The Canadian Internet Registration Authority, which manages .ca domains, welcomed the bill by saying trust is critical to the digital economy and central to a well-functioning internet. “Canadians must be able to trust that their personal data will be protected and not abused.”

The legislation would also:

— Require businesses to to be transparent about how they use automated decision-making systems like algorithms and artificial intelligence to make significant predictions, recommendations or decisions about people;

— Clarify that depersonalized information, for instance through removal of a name, must be protected and that it can be used without a person’s consent only under certain circumstances;

— Allow businesses to disclose de-identified data to public organizations in some cases for socially beneficial purposes, such as health or environmental initiatives.

Jim Bronskill, The Canadian Press


Like us on Facebook and follow us on Twitter.

Want to support local journalism during the pandemic? Make a donation here.

privacy

Just Posted

Fruit farmers in the Okanagan and Creston valleys are in desperate need of cherry harvesters amid COVID-19 work shortages. (Photo: Unsplash/Abigail Miller)
‘Desperate’ need for workers at Okanagan cherry farms

Fruit farmers are worried they’ll have to abandon crops due to COVID-19 work shortages

A tent housing a mobile vaccination clinic. (Interior Health/Contributed)
Over 5K jabbed at Interior Health mobile COVID-19 vaccine clinics

The clinics have made stops in more than 40 communities since launching last week

Provincial Health Officer Dr. Bonnie Henry talks about B.C.’s plan to restart the province during a press conference at Legislature in Victoria, Tuesday, May 25, 2021. THE CANADIAN PRESS/Chad Hipolito
Interior Health COVID-19 cases falling slower than the rest of B.C.

More than a third of provincial cases announced Thursday came from the Interior

The Greater Vernon Chamber of Commerce will host the Valley Wide Business Expo May 4 at Predator Ridge Resort. (photo submitted)
Golf raffle helps Okanagan families score homes

Habitat for Humanity Okanagan swinging into action this summer with a new raffle

The weekly COVID-19 map for June 6 to 12. (BC CDC)
South Okanagan sees only 5 new cases in last week

The Similkameen Valley went a second week without any new cases

A small pod of Pacific white-sided dolphins pass by close to shore in Campbell River June 16, 2021. Still capture from video courtesy of Kimberly Hart
VIDEO: Dolphin sunset captured from Vancouver Island shore

Spectacular setting for view of travelling pod of Pacific white-sided dolphins

Earls On Top at 211 Bernard Avenue in Kelowna. (Google Maps photo)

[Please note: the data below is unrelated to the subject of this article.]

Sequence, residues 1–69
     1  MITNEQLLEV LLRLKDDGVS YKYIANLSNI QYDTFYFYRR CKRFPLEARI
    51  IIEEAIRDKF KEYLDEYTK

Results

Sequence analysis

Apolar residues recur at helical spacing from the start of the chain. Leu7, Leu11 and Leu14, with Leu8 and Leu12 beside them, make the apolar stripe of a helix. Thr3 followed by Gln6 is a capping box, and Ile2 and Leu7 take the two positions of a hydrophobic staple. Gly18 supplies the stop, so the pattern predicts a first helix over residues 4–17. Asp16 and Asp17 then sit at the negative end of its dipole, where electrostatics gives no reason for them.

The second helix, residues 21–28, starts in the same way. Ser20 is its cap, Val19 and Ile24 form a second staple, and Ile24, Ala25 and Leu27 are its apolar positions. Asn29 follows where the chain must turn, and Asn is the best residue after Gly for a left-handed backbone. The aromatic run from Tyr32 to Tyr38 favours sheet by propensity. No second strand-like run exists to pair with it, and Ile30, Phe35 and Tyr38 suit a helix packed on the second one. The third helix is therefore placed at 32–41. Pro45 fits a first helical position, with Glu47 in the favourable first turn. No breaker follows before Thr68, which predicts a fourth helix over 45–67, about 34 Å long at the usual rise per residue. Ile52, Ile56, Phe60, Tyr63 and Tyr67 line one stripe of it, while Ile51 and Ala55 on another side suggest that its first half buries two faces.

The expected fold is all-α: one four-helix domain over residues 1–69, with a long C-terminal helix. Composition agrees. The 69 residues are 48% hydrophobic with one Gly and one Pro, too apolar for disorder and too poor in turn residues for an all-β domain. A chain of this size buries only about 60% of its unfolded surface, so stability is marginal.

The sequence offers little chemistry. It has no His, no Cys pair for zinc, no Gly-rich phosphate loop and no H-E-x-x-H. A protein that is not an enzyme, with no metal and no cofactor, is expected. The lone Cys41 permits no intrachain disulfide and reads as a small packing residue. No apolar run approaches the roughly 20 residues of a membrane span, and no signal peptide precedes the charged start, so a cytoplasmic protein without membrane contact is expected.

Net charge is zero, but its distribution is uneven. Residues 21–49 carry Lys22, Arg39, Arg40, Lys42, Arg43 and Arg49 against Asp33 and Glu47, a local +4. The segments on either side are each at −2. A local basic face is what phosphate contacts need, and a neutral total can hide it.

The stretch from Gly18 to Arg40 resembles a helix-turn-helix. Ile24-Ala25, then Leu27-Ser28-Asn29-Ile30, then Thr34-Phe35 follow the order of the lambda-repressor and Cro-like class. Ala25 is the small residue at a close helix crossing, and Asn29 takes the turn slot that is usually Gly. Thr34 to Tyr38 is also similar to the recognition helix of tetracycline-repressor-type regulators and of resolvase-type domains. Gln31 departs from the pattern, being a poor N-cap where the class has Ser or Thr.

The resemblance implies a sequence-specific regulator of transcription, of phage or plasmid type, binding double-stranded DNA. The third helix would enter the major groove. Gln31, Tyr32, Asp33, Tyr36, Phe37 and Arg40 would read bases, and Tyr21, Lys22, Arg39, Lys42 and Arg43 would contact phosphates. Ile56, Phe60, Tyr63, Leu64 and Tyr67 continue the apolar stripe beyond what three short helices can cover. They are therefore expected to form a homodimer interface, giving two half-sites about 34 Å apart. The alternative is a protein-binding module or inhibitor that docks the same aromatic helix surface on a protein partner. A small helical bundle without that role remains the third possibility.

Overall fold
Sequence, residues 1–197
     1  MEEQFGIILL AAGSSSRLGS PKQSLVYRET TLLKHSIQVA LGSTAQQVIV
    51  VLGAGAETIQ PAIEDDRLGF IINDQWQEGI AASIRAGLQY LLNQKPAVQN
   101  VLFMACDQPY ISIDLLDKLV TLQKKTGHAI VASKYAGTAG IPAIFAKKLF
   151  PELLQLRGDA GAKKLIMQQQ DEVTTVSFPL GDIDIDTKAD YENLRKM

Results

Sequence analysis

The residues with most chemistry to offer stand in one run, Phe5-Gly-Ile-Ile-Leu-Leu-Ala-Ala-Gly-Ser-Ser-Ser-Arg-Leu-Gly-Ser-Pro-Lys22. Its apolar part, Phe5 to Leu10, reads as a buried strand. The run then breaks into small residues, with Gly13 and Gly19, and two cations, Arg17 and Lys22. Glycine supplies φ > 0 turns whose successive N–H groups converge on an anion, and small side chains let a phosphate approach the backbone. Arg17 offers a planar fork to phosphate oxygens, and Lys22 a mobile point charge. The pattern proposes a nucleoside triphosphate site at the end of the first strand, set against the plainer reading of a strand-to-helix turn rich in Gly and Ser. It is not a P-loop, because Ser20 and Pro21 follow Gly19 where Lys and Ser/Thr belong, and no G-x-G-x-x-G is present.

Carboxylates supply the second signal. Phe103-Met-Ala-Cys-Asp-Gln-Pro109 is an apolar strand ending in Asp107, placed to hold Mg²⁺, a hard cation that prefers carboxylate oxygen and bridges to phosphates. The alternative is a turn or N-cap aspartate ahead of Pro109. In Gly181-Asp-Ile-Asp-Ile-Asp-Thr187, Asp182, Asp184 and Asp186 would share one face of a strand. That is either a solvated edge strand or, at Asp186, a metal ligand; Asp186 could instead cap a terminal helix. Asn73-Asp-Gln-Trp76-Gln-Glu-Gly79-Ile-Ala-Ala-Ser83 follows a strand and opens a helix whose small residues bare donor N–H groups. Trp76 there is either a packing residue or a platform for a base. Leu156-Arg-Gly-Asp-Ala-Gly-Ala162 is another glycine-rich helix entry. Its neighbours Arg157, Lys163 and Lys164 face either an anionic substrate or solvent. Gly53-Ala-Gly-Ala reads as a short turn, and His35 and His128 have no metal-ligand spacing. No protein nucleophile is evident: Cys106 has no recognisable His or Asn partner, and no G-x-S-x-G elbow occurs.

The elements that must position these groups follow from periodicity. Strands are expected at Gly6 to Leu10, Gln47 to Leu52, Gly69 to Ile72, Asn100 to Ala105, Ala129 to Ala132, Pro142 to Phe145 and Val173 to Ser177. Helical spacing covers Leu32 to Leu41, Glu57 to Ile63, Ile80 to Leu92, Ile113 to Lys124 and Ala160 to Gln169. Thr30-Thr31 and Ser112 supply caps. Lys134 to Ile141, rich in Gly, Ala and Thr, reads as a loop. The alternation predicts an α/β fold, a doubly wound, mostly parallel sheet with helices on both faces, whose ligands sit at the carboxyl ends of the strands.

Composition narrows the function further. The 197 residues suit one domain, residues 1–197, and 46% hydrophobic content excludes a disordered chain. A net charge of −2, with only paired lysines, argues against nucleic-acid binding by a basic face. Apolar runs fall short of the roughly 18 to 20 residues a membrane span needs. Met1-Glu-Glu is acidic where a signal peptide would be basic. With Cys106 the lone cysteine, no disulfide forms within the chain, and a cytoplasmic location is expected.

Downtown Kelowna’s Earls ordered closed after COVID-19 transmission

Earls on Top on Bernard Avenue will be closed from June 18 to June 27

A motorycle crash has been reported on Westside Road. (Google Maps)
UPDATE: Westside Road reopened following motorcycle crash near Vernon

AIM Roads advises drivers to expect delays due to congestion

(File photo)
Penticton not holding Canada Day activities out of respect for Indigenous people

Cities across B.C. are cancelling the holiday after an increased spotlight on Canada’s dark history

Dereck Donald Sears. (Contributed/Crimestoppers)
Murder charge laid in relation to suspicious Kelowna death

Dereck Donald Sears is charged with second-degree murder in the death of Darren Middleton

Police are asking for public assistance in locating Anthony Graham who has been charged with the murders of Kamloops brothers Carlo and Erick Fryer. (RCMP photo)
2 charged, suspect at large in killings of B.C. brothers linked to gang activity: RCMP

Kamloops brothers Erick and Carlo Fryer were found deceased in May on a remote Okanagan road

Albert Health Minister Tyler Shandro and Alberta Premier Jason Kenney unveil an opening sign after speaking about the Open for Summer Plan and next steps in the COVID-19 vaccine rollout, in Edmonton, Friday, June 18, 2021. THE CANADIAN PRESS/Jason Franson
Alberta 1st province in Canada to lift all COVID-19 public health restrictions

70.2% of eligible citizens 12 and older in the province have received a dose of the vaccine

Fraser Health registered nurse Ramn Manan draws a dose of the Pfizer COVID-19 vaccine into a syringe at a walk-up vaccination clinic at Bear Creek Park, in Surrey, B.C., on Monday, May 17, 2021. THE CANADIAN PRESS/Darryl Dyck
‘Honour our fathers’ with COVID-19 vaccine protection, B.C. urges

109 new cases Friday, 75 per cent of 12 and up immunized

Most Read